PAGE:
Marching bands meet, compete.
In order to run with the big dogs, you have to venture from the porch.
For Michele Wofford, a freshman who plays clarinet with the Thurston High School Marching Band, that meant waiting hours after performing Saturday to catch some of the premier Northwest marching ensembles during the 26th annual University of Oregon Festival of Bands competition.
"Evergreen, they're the band I want to see," Wofford said, referring to the 200-plus members of the Vancouver, Wash., band.
The high school band competition held at Autzen Stadium drew musicians from 27 schools from across the West.
The event had entries from 22 schools in Western Oregon, two each from Spokane and Vancouver, and an entry from Carson City, Nev.
Bands competed in three different categories based on size: 90 and fewer members, 91 to 130 members, and those with more than 131 members, organizers said.
Thurston, Willamette and Sheldon high schools were the only entries from Lane County and each competed in the small band category.
During a lunch break, Wofford and about a half-dozen fellow band members huddled near their equipment truck in the parking lot to enjoy homemade chili out of plastic foam cups.
Band members said they pick up tips on precision and band cohesiveness from watching Evergreen, North Salem High School and Grants Pass High School, which has captured the grand championship trophy 11 times since the Festival of Bands competition began in 1978.
At 44 members, Thurston's band was one of the smallest in Saturday's competition. And size does matter.
"With fewer members, judges can hear every mistake," Wofford said.
Band members begin practicing two weeks before the first day of classes and drill 2 1/2 hours, twice a week, she said.
Fellow band member, Caitlin Howe, a sophomore trombone player, said the long hours and constant drilling are worth it.
"It's such an adrenaline rush to go through the tunnel and come out on the floor of Autzen Stadium to compete," Howe said.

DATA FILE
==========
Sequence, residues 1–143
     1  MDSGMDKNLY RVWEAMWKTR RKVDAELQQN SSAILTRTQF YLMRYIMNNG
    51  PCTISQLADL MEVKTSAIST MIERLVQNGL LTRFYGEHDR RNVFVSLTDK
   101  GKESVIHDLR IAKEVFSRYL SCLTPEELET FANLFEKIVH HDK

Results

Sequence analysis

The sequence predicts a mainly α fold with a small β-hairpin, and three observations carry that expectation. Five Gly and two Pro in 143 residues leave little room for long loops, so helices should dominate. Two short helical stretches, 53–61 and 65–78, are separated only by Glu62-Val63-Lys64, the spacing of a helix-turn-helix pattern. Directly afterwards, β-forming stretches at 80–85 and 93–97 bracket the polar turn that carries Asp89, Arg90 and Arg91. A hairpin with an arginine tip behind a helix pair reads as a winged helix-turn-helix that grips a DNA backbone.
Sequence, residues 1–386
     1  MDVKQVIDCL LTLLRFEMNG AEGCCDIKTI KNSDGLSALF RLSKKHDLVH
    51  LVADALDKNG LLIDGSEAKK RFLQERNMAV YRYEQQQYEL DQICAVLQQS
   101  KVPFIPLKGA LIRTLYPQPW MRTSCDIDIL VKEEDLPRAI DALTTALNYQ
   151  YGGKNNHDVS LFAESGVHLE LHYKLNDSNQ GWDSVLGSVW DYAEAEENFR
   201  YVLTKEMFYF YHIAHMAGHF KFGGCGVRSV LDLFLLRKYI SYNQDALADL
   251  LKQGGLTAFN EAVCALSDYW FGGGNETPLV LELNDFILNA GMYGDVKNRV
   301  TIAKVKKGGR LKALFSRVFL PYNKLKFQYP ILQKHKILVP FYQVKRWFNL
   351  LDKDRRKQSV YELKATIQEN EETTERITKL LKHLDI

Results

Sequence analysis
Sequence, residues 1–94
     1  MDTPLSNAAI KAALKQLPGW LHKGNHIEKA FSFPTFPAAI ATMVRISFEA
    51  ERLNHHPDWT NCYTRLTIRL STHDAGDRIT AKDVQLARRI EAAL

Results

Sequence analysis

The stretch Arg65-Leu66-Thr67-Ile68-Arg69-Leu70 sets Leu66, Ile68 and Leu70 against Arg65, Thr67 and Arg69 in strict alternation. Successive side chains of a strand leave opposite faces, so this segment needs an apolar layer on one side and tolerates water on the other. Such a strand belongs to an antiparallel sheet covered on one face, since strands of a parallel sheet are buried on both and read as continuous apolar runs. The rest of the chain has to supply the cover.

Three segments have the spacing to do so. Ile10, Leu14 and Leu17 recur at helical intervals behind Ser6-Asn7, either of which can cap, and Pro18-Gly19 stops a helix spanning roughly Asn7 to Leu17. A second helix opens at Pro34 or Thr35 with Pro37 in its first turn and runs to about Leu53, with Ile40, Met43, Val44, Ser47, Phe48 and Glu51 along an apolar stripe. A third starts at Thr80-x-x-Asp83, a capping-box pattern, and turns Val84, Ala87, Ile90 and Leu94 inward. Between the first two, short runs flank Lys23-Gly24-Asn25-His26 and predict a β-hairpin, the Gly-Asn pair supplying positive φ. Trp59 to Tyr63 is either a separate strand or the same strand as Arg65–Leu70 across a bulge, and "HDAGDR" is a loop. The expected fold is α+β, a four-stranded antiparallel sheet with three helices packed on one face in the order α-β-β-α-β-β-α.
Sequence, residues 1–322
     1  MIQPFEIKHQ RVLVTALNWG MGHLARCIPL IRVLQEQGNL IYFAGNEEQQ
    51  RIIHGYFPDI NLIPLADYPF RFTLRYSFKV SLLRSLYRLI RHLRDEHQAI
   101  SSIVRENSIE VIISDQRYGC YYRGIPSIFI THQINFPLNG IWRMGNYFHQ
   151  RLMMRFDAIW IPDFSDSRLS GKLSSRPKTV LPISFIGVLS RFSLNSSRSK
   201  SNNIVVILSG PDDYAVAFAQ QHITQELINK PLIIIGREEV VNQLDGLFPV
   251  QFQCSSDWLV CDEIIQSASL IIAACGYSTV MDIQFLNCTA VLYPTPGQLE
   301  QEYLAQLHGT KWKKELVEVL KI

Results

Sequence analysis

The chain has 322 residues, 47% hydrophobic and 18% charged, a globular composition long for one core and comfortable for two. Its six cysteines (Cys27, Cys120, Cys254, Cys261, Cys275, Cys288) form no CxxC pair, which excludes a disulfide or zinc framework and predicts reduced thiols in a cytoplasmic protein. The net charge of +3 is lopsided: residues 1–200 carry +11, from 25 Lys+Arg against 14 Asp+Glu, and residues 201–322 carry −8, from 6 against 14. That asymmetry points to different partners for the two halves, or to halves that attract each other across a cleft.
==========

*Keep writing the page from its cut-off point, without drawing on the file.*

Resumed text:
The festival draws 6,000 to 8,000 spectators and is the University of Oregon band's main fund-raising activity of the year, said Jeremy Zander, festival coordinator.
Judges use a point system to focus on various performance areas, such as individual and ensemble visual, individual and ensemble musical presentation, auxiliary (flag twirlers), percussion and overall effect, Zander said.
"Passion, hard work, energy ... so that your performance is communicated to the audience is key to winning," he said.
Results of the competition were not available Saturday night.
During the daylong event, the UO band offered a matinee performance of George Gershwin songs. Later in the evening, the band performed a medley of music from all three Harry Potter films.
"Harry Potter has a lot of contrasting music and a real cool swing section, too," Zander said.
A soloist for the Skyview High School Band from Vancouver, Wash., plays at Autzen Stadium. Paul Hinman of New York was one of the judges at the festival on Saturday. Judges use a point system to focus on various performance areas, such as individual and ensemble musical presentation, auxiliary (flag twirlers), percussion and overall effect. Wayne Eastburn / The Register-Guard
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|Title Annotation:||Higher Education; High school musicians from around the Northwest gather at Autzen Stadium|
|Publication:||The Register-Guard (Eugene, OR)|
|Date:||Nov 7, 2004|
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